L.A. Compact Connection | April 2018


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Promoting College Readiness for Antelope Valley Foster Youth

This story and more in the April issue of the L.A. Compact Connection



College Bound Antelope Valley Kick-Off


Last summer, the OYC Foster Youth College Advancement Project (FYCAP) began working with the L.A. County Department of Children & Family Services to develop College Bound Antelope Valley. This effort will pilot strategies to engage social workers in early college planning with foster youth in grades 8-12 in order to help youth achieve self-sufficiency upon aging out of care. The FYCAP partners assisted the leadership teams at the DCFS Regional Offices in Lancaster and Palmdale in identifying the social worker units and student cases that will be part of the pilot cohort, in determining staff training needs, and in engaging community partners in the region.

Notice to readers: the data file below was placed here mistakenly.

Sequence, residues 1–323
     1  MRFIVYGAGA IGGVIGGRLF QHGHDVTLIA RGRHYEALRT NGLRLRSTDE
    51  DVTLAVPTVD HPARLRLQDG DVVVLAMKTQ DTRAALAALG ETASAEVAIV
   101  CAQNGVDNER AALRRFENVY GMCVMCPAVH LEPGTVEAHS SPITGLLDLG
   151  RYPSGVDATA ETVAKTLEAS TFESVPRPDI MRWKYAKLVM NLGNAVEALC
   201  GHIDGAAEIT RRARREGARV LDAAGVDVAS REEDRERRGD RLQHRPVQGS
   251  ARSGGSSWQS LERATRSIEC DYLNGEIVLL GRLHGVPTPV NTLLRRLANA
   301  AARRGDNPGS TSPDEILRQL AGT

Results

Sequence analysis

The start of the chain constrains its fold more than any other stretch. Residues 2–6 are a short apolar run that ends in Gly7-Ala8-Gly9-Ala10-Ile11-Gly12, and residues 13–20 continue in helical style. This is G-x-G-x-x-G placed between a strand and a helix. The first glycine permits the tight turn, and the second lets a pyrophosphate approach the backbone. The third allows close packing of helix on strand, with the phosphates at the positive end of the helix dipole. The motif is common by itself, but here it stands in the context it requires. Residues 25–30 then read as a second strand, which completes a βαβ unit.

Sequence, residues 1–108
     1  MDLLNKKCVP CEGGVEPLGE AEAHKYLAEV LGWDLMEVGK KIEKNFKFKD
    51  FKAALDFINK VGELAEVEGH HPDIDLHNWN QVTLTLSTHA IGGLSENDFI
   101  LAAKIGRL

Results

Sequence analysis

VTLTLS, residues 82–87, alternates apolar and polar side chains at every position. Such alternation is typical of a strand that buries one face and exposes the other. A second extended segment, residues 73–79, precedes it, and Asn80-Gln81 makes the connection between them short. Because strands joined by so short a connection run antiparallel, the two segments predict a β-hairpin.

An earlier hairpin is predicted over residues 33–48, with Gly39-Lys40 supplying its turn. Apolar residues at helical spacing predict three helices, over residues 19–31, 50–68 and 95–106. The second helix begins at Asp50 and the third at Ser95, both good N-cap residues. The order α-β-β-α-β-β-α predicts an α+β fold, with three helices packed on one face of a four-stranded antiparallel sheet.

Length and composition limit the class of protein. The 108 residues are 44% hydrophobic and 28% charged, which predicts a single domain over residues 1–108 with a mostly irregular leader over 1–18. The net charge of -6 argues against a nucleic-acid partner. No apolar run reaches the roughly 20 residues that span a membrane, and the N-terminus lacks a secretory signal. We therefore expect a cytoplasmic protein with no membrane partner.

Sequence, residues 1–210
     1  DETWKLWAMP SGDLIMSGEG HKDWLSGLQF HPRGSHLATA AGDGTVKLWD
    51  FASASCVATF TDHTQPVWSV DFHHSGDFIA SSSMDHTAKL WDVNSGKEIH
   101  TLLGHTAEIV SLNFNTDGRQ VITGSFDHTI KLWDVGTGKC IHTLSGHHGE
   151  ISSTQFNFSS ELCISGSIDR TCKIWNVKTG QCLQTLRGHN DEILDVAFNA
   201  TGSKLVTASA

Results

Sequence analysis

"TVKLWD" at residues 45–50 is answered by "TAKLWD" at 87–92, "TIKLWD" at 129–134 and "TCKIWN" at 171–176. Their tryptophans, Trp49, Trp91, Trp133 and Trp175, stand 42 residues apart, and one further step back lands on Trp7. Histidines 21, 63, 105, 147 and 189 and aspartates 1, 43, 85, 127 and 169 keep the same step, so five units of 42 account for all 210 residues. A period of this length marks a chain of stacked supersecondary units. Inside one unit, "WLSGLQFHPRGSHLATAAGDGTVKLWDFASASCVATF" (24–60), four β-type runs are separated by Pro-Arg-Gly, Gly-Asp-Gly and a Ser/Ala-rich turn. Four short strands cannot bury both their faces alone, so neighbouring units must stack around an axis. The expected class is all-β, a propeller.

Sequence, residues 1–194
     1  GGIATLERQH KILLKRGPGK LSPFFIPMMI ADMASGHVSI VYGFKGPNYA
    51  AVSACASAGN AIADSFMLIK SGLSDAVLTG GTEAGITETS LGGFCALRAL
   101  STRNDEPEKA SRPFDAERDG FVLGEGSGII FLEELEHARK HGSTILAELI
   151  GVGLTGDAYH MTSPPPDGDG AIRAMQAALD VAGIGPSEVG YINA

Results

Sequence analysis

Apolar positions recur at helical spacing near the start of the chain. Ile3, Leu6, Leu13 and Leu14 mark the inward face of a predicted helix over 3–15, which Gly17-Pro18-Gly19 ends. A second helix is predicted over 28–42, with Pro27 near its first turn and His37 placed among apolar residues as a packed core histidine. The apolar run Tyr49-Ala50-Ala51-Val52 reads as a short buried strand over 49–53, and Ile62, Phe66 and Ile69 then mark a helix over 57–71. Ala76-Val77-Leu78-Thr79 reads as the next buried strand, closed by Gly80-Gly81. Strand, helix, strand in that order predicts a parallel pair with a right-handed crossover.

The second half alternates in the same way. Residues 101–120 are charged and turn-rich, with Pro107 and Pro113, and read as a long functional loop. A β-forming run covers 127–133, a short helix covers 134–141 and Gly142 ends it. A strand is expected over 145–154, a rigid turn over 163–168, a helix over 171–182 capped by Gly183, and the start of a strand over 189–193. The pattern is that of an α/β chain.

DCFS convened the inaugural cohort of 45 College Bound Antelope Valley social workers and supervisors on April 11 and April 12th to formally launch the initiative with a day of in-service training. Training topics included: using a trauma-informed lens to engage foster youth in early college exploration; identifying grade-appropriate college planning milestones; leveraging the Child Family Team process to engage K-12 staff, caregivers, and other adult champions in education planning; and working with youth to incorporate postsecondary goal-setting within the Transition to Independent Living Plan. The FYCAP team and DCFS leadership are now working on a plan to provide ongoing coaching and technical assistance to the pilot cohort of social workers, to facilitate teaming with K-12 and community college partners in the region, and to evaluate the impact of these efforts.